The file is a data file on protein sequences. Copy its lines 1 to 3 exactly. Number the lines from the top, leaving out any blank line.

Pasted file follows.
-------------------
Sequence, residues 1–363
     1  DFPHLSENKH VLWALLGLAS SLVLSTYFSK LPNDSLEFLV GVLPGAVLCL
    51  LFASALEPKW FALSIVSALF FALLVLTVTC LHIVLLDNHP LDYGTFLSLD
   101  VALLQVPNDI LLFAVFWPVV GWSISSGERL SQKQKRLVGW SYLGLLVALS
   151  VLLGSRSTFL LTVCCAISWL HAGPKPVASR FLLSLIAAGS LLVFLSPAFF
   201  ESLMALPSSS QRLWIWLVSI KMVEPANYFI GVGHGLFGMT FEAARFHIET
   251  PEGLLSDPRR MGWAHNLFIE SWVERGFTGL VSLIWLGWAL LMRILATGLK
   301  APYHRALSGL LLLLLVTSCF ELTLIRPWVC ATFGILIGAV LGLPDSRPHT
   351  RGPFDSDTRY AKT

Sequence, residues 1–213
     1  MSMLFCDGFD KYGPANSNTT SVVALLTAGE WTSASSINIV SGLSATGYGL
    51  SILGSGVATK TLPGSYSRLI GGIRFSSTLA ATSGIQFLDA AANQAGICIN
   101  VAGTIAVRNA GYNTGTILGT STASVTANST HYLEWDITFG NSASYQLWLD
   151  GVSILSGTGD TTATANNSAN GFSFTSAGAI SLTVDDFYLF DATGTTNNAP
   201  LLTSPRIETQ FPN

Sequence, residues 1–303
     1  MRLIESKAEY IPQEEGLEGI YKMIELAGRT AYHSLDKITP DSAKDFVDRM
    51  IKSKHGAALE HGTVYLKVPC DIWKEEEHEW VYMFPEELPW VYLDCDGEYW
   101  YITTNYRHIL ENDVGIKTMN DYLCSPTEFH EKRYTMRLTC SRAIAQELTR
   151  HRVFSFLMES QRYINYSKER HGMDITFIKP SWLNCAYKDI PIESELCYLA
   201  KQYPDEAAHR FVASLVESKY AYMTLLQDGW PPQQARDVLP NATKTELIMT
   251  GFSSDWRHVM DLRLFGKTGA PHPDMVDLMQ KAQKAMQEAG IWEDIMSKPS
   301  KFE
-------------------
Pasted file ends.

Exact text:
Sequence, residues 1–363
     1  DFPHLSENKH VLWALLGLAS SLVLSTYFSK LPNDSLEFLV GVLPGAVLCL
    51  LFASALEPKW FALSIVSALF FALLVLTVTC LHIVLLDNHP LDYGTFLSLD